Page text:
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Tories fear a kamikaze election

Your weekly dose of gossip from around Westminster.

By Kevin Maguire

Keir Starmer pressed the red button and excitable Tories flapped that Boris Johnson might call a snap election. Going to the polls after 500 council seat losses would be courageous of the Prime Minister, topping the Labour leader’s bold vow to quit if Durham plod fine him over a beer. The Cons’ nerves were smoothed by assurances that a potentially kamikaze contest is impossible. The man who would mastermind Johnson’s campaign, Lynton Crosby’s protégé Isaac Levido, is down under where he’s busy running Scott Morrison’s bid to be re-elected prime minister of Australia. The bad news for Johnson is that Labor’s Anthony Albanese is in with a shout of supplanting Morrison.

Posturing as a Starmer-esque “Mr Rules” who’d restore purpose and probity amid Johnson’s chaos and incompetence, Jeremy Hunt should be wary as his disciples whisper the saviour’s strengths into Commons tea-room ears. My snout muttered that No 10 has asked MPs to pretend to be open to the pitch and then report back. They call it “loyal disloyalty”.

What has Dominic Raab done to annoy an ailing monarch? The Lord Chancellor, Lord Dilhorne, delivered the Queen’s Speech in 1963 on the last occasion she was unable to perform the ceremonial duty, while she was pregnant with her fourth child, Edward. Colleagues of Raab, an In-Justice Secretary who also operates as Lord Chancellor and Deputy Prime Minister, mused that the Queen was unhappy the minister with more titles than Angela Rayner was part of the cabinet cabal that advised her to unlawfully prorogue parliament in the 2019 Johnson-attempted coup. The real answer is that she probably preferred to give a day out to her pensioner son and heir.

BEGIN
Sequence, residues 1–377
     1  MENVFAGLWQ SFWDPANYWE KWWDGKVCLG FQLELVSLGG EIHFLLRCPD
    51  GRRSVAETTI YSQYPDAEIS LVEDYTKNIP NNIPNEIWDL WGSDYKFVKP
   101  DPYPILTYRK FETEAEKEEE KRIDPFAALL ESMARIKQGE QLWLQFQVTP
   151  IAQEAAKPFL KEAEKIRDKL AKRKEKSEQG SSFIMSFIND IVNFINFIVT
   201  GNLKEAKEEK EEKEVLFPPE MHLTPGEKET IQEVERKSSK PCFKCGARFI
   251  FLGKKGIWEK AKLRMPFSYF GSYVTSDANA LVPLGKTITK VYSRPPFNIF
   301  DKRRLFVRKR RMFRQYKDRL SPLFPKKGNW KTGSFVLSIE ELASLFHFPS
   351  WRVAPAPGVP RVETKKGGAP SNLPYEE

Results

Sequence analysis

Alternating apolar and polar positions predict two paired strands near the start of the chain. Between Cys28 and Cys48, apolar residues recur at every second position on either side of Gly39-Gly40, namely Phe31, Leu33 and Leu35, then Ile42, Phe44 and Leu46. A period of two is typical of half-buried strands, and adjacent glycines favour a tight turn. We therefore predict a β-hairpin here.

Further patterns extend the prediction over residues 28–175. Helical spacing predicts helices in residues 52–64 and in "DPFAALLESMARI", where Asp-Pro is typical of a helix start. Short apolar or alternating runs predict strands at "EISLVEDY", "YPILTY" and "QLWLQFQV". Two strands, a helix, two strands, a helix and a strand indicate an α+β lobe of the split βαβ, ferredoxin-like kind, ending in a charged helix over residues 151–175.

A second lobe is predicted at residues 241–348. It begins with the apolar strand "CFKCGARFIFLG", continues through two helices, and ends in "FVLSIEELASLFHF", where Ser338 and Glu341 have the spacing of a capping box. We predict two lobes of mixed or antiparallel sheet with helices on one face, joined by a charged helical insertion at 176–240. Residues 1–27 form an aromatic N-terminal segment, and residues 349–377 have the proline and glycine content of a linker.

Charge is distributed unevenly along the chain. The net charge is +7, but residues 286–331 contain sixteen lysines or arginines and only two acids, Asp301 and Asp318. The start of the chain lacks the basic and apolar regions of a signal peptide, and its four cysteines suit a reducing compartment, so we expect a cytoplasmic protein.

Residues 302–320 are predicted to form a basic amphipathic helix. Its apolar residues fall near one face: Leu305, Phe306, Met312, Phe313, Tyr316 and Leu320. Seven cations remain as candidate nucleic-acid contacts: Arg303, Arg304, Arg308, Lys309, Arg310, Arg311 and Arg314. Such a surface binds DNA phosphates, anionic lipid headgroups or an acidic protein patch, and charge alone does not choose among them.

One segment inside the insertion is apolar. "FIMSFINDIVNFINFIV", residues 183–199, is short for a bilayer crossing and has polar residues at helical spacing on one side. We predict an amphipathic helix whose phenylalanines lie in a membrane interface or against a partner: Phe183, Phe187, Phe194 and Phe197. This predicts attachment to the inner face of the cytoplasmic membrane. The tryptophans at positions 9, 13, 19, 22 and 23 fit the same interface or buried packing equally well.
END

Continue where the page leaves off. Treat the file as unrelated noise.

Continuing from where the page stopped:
An eye for a few extra quid has the former Tory culture minister Ed Vaizey. Stripped of the whip over Europe by his frenemy Boris Johnson, then parachuted into the Lords by the same PM, Baron Vaizey of Didcot inherited second-hand robes purchased by his late father, the Labour life peer John Vaizey. Missing the deadline to apply for a ticket to sit in the unelected chamber to hear Charlie reading a speech for Betty written by Johnson, Vaizey Jr offered to rent the clobber for the day to a fellow peer. Haggling started on a price below the £140 plus VAT charged by the official supplier. “Damn,” cried Lord of the Rag Trade on the morning of the big day, “I forgot to clinch the deal.” Business acumen like that is surely worth a job in the Treasury.

Warrior woman Stella Creasy’s feeling unloved by the leader of the opposition’s office as she prepares to send in the mums. The Walthamstow MP is launching MotheRed, a drive for more mams to be selected as Labour candidates. There are grants of up to £2,000 each for 20 women selected by a panel stretching from the Socialist Campaign Group’s fiery Zarah Sultana on the left to the party establishment figure Cherie Blair. Starmer’s team’s accused of being another boy’s club.

Nato isn’t the only issue that Corbynite MPs face a battle with Starmer over. The lefties must decide whether to back a “Justice for Jeremy” movement demanding September’s Liverpool conference revise party rules so the Islington One may seek reselection. Suspension from the Parliamentary Labour Party currently leaves him ineligible for a trigger ballot and thus readoption. Corbyn’s a war on many fronts.

Posing with a horse in a stable earned the Covid-rule breaker Matt Hancock a fresh nickname: national stud.

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